Can I use livestock manure for methane-electric generation on my farm?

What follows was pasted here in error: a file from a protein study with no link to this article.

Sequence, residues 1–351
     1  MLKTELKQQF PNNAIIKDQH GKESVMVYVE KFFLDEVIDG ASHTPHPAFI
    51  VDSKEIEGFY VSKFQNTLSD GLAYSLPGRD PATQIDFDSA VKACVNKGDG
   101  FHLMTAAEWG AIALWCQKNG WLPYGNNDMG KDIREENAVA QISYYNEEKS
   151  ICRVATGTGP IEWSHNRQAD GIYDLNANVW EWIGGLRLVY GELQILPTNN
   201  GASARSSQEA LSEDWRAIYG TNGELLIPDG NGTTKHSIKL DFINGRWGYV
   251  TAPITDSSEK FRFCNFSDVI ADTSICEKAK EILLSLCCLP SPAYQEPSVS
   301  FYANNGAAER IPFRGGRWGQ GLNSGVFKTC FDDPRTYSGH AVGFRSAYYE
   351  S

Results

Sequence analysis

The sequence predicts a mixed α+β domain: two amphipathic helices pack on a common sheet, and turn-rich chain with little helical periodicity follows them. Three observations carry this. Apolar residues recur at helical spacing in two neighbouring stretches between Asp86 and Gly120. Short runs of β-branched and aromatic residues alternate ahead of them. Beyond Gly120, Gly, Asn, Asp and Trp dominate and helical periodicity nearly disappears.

Answer: Most methane-electric generation is from animal waste. If you are accepting animal waste by truck, perhaps food waste or brewery waste can be trucked in as well. This will provide the desired variety of feedstock and will greatly increase biogas production. Manure works because it is readily available and cheap, and it naturally contains the anaerobic bacteria. The ATTRA website has a section titled “Anaerobic Digesters and Other Biomass Options,” which identifies applicable publications and other resources. It is available at https://attra.ncat.org/attra-pub/farm_energy/biomass.html. On this page, you’ll find links to the following publications, which discuss various aspects of using anaerobic digesters: An Introduction to Bioenergy: Feedstocks, Processes, and Products. This publication discusses how farmers can utilize bioenergy to reduce dependency on petroleum-based energy sources. Micro-Scale Biogas Production: A Beginners Guide. An introduction to biogas, this publication gives the basics of small-scales anaerobic digester operations. Anaerobic Digestion of Animal Wastes: Factors to Consider. This publication discusses the benefits and constraints, as well as design considerations, of methane production through anaerobic digestion of animal waste. A couple good examples of digesters are in Tillamook, Oregon, and New Belgium Brewing in Fort Collins, Colorado. “In Tillamook: Turning (More) Cow Poop Into Power,” by Cassandra Profita for Ecotrope, the current digester is discussed, as well as plans for a more high-tech operation: http://ecotrope.opb.org/2012/03/in-tillamook-turning-more-cow-poop-into-power/#more-9970. New Belgium Brewing in Fort Collins, Colorado, uses an onsite water-processing plant to turn brewery waste into energy: www.newbelgium.com/culture/alternatively_empowered/sustainable-business-story/planet/energy-and-greenhouse-gas-emission.aspx. The effluent from the anaerobic digestion should be viewed as a resource. The liquids can be packaged and sold as liquid fertilizer, and the solids can be composted (note: uncomposted solid effluent from digesters “digestate” is not a very good fertilizer). Solids can be removed with an auger conveyor and run through a belt thickener and/or screw press to remove liquids. Composted digestate can be packaged and sold as fertilizer. Possible negative by-products of methane production are the non-methane components of bio-gas: hydrogen sulfide, carbon dioxide, and water vapor. Removal of hydrogen sulfide is considered essential because the hydrogen sulfide will combine with products of combustion to make sulfuric acid, which will shorten the life of the generator. A thin film of aerobic bacteria can be grown on the surface of the manure inside the digester by allowing about 5% by volume of biogas of air into the headspace of the digester. This will decrease hydrogen sulfide gas significantly. The rest of it can be removed with an “iron sponge.” Moisture may be removed by condensing in a conventional air cooled condensing unit or cooling tower. Carbon dioxide (CO2) can stay in the gas stage?it is un-reactive and will pass through the engine and end up in the exhaust. The effect of the CO2 is to decrease the calorific value of the biogas. This is not an issue unless you want to store the gas for some length of time and don’t want to invest in the capital cost of gas-holding equipment for useless CO2.